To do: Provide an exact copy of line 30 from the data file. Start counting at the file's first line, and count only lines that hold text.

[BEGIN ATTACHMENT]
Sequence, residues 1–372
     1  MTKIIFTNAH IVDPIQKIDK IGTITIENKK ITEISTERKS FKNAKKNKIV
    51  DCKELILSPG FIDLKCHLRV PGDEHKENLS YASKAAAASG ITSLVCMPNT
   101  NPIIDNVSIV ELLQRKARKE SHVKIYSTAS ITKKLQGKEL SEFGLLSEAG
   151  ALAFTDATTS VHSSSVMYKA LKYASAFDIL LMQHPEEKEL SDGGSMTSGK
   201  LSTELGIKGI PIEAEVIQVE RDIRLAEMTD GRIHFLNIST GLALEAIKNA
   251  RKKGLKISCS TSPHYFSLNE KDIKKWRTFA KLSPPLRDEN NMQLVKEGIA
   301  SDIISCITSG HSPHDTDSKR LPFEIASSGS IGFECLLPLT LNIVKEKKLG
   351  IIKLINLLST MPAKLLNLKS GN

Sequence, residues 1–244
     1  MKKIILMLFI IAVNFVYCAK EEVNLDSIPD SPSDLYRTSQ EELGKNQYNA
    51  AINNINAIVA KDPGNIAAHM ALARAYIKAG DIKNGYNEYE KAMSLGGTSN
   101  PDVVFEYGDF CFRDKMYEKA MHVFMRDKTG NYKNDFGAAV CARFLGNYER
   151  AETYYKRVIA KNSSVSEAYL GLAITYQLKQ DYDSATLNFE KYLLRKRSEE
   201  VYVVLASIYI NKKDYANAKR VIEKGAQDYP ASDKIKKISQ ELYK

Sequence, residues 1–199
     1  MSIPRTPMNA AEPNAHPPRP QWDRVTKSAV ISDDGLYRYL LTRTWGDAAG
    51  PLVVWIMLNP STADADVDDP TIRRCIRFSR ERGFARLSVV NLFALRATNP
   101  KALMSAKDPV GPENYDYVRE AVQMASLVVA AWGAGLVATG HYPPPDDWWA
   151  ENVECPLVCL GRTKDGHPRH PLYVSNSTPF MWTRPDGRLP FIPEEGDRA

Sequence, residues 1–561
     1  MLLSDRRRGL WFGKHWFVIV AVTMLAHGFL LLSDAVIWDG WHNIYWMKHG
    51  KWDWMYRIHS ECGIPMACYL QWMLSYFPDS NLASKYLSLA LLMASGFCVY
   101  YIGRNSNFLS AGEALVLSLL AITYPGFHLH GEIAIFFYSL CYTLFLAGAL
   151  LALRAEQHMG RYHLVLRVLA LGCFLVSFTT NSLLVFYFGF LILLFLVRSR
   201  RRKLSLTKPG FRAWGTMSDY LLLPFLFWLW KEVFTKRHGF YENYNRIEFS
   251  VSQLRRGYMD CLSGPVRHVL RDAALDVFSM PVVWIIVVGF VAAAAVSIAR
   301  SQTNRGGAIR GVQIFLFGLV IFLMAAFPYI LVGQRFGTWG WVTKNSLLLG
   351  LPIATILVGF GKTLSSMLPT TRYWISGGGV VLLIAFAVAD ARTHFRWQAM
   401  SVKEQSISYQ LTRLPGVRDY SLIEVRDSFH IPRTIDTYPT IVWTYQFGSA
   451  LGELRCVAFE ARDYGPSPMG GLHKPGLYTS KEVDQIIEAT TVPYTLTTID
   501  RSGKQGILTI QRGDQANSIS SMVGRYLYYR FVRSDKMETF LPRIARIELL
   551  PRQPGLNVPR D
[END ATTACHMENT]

   401  SVKEQSISYQ LTRLPGVRDY SLIEVRDSFH IPRTIDTYPT IVWTYQFGSA